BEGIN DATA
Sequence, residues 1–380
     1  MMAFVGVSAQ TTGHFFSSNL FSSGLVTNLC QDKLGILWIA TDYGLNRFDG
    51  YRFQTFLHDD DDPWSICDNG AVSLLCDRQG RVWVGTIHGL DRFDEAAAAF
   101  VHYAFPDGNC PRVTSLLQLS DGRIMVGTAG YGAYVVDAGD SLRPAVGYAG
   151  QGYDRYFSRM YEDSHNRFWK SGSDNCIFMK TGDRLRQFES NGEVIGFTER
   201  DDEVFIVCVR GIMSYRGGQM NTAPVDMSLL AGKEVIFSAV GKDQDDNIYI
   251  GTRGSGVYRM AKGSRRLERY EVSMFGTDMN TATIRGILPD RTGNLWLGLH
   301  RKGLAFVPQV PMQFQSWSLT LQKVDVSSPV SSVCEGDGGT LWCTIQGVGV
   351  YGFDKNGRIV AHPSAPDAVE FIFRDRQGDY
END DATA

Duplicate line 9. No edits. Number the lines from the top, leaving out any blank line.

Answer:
   351  YGFDKNGRIV AHPSAPDAVE FIFRDRQGDY